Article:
Bell, Simon J.; Iverson, Roderick D.
January 2002
AMA Winter Educators' Conference Proceedings;2002, Vol. 13, p82
Conference Proceeding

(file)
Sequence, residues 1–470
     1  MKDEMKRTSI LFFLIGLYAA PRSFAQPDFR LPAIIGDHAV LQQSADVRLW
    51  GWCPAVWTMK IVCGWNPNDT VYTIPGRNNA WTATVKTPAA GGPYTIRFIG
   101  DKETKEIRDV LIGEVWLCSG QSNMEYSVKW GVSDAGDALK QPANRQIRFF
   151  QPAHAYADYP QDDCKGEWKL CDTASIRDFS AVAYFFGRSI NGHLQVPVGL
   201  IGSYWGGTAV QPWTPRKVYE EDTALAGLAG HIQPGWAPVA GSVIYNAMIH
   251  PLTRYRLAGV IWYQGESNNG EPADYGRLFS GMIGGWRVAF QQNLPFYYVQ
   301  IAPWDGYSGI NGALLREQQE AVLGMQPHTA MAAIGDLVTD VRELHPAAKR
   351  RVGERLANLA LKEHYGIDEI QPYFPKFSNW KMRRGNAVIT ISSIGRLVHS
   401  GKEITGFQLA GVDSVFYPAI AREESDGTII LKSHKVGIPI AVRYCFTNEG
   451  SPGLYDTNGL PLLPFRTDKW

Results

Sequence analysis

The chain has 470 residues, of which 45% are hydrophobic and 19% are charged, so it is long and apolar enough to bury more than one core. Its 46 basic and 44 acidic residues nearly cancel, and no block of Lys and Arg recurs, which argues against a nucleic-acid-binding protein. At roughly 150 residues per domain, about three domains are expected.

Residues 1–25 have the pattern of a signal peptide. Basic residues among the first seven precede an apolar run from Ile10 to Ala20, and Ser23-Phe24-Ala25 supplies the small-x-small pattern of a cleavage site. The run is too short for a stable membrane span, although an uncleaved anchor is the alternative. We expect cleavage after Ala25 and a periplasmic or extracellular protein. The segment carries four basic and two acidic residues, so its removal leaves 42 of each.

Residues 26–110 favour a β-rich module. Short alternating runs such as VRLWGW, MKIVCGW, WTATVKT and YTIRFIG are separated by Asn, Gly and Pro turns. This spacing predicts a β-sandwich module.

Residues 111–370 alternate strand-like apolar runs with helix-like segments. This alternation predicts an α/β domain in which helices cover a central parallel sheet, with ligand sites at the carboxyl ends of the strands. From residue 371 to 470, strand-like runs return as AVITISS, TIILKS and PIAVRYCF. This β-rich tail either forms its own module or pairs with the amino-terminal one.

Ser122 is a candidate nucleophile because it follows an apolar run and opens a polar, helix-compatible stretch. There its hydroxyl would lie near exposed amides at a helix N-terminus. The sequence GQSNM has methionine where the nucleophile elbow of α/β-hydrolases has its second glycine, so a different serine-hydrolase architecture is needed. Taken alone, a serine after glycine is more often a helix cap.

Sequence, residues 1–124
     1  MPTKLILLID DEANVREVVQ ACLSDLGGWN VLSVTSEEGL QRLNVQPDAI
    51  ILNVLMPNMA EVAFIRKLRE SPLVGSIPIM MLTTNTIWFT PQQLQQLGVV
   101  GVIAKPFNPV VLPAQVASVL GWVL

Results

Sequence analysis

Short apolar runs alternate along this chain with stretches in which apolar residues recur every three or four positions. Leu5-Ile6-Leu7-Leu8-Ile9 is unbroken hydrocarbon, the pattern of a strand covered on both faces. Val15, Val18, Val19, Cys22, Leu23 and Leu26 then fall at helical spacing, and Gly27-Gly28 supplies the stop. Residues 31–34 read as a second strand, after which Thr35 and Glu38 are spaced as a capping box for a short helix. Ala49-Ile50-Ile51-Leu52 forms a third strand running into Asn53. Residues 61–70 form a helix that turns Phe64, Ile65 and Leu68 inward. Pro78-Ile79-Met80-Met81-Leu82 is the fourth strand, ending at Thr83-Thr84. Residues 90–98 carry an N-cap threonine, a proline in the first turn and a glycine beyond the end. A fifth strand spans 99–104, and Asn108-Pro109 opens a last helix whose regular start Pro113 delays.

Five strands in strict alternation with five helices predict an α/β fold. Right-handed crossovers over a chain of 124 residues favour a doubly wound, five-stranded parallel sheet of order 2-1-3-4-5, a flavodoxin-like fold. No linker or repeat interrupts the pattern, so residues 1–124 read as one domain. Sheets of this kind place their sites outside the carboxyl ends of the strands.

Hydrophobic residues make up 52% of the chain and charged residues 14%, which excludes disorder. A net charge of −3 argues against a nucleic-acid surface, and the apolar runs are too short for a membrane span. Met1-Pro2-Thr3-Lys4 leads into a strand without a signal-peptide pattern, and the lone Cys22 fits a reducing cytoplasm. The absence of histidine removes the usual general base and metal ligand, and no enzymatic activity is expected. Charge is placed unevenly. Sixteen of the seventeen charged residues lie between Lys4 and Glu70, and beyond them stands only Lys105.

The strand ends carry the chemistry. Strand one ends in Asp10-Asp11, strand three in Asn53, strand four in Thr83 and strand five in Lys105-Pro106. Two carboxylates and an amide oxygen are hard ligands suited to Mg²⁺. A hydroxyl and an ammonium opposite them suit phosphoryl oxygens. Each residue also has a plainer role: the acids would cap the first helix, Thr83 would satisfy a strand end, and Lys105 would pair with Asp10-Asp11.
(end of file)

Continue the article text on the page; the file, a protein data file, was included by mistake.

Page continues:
As businesses embrace downsizing and outsourcing practices, and with the changing composition of the workforce (e.g., the rise of part time and casual workers), we are observing across industries a reduction in the average employee tenure within organizations. At the same time, the costs of employee turnover to the organization have been well documented (e.g., separation costs, recruitment and selection costs, training of replacements, initial lack of productivity of the new hire, and the loss of productivity of co-workers during the transition). In addition, there are less tangible costs such as decreased employee morale from the loss of colleagues and disruption of customer relationships. Attracting less research attention has been the costs to the firm of losing firmspecific capabilities embodied within the minds and abilities of individuals when employees depart. This is particularly noteworthy in an era of knowledge workers, learning organizations, and service economies where individuals are responsible value creation. Viewed from this perspective, the turnover of employees represents a loss of organizational memory (Kransdorrf 1997). To date there have been few investigations of employee turnover and its relationship with organizational memory (for an exception see Carley 1992). The objective of this study, therefore, is to explore how firms can protect themselves from the loss of skills and capabilities resulting from employee attrition. To answer this, we consider the notion of organizational memory and investigate its role as a "buffer" that insulates the firm against the detrimental effects of turnover.


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